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The American Cancer Society just released their 2015-2016 Breast Cancer Facts & Figures report where they estimate in 2015, 231,840 women were diagnosed with invasive breast cancer and of that, 46,350 (20 percent) were diagnosed under the age of 50. The American Cancer Society cites in their 2015-2016 Breast Cancer Facts & Figures report, “Mammography is the single most effective method of early detection since it can often identify cancer several years before physical symptoms develop.” The American Cancer Society also states that the decrease in breast cancer-related deaths over the past two decades is almost entirely attributed to mammography detection. Yet new and conflicting recommendations have been released, confusing women on whether to start their mammography screenings at 40, 45 or 50; whether to go annually or every other year; and even whether or not to conduct self-breast examinations.

For nearly 25 years, women have been told to begin regular annual mammograms at the age of 40, and the radiologists at Solis Mammography – along with a host of other notable organizations including the American Congress of Obstetricians and Gynecologists, the American College of Radiology and the Society for Breast Imaging – all concur that a woman should begin her annual screening at age 40.

Study after study shows that the earlier a woman finds an issue, the better her options and outcomes. According to the American Cancer Society, the 5-year survival rate is 100 percent for women diagnosed with stage 0 and 1 breast cancer.

As the 30-year leader in women’s breast health, Solis Mammography has created an infographic to help promote the importance of early detection and clear up some of the confusion caused by the American Cancer Society and the U.S. Preventive Services Task Force.

“Early detection can and does help women under 50 every day. Research shows that women diagnosed with breast cancer between 40-50 years of age typically have more aggressive rates of tumor growth. For these reasons, it’s critical that younger women adhere strictly to the annual screening interval. Simply put, mammography is the closest thing we have to a cure. We’ve come so far in early detection breakthroughs that I see these guidelines as a major setback,” says James Polfreman, president and CEO for Solis Mammography.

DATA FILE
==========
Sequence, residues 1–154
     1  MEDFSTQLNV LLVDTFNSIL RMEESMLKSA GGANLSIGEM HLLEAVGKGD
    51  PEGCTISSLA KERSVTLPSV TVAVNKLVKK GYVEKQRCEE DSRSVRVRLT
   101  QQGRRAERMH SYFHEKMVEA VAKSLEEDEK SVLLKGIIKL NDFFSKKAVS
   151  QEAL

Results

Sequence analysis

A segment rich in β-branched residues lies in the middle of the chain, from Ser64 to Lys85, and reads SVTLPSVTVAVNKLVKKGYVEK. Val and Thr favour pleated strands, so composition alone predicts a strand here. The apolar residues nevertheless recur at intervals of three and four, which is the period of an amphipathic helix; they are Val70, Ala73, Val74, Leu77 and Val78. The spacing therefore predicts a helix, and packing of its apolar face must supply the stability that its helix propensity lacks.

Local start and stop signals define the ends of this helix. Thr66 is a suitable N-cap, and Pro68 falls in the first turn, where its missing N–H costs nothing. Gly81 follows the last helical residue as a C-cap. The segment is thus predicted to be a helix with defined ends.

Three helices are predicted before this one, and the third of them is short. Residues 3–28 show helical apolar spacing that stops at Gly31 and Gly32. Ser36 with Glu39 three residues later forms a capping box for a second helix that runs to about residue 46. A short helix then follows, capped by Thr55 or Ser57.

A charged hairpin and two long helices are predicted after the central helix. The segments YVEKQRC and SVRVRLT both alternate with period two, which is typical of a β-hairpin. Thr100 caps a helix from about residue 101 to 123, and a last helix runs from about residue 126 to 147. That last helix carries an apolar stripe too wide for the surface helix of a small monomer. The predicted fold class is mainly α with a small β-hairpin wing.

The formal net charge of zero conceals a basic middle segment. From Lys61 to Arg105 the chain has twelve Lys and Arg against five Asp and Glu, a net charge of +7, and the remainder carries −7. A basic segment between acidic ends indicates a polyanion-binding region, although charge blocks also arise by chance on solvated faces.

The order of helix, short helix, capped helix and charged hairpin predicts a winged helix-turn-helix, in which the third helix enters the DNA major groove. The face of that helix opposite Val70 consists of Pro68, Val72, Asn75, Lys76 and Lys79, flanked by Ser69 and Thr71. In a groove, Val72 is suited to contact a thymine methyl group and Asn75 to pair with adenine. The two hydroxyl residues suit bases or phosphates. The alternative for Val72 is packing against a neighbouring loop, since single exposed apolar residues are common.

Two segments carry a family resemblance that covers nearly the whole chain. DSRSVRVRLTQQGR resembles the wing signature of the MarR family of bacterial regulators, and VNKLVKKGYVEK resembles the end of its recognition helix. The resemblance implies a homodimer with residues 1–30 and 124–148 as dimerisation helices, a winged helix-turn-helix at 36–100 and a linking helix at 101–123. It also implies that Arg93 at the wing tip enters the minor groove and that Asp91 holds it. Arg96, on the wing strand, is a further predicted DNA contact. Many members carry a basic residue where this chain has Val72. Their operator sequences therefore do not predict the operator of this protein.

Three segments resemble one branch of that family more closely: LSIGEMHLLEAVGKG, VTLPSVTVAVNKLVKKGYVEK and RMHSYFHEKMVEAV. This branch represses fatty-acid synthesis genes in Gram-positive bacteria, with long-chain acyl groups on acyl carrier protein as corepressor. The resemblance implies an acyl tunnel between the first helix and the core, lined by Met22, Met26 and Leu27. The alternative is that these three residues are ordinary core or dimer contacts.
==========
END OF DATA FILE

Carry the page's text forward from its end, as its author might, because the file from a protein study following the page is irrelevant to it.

Solis Mammography patient, breast cancer survivor, wife and mother of four children Larissa Linton believes early detection saved her life. She was 45 when doctors found stage 0 cancer. "It's ridiculous that several groups have recommended that women put off mammograms. Imagine if my cancer had kept growing undetected until I was 50? I might not still be here. I can certainly tell you it would not be stage 0. We need to support women and send a consistent message that 40 is the age to start screenings."

Because of intense pressure on everyone in the healthcare community to save money, the future is certain to bring new and conflicting opinions about breast screening. Women need to remember that the earlier they find any particular anomaly (not just breast cancer), the better and easier their options for treatment. Early detection has long-term benefits including shorter treatment times; the potential to avoid a mastectomy, chemotherapy or radiation; and overall improved quality of life. In short, women should be empowered with the knowledge to make the best choices for themselves based on their unique health history and primary care physician’s recommendations. Peace of mind, overall wellness and long life all come from early detection.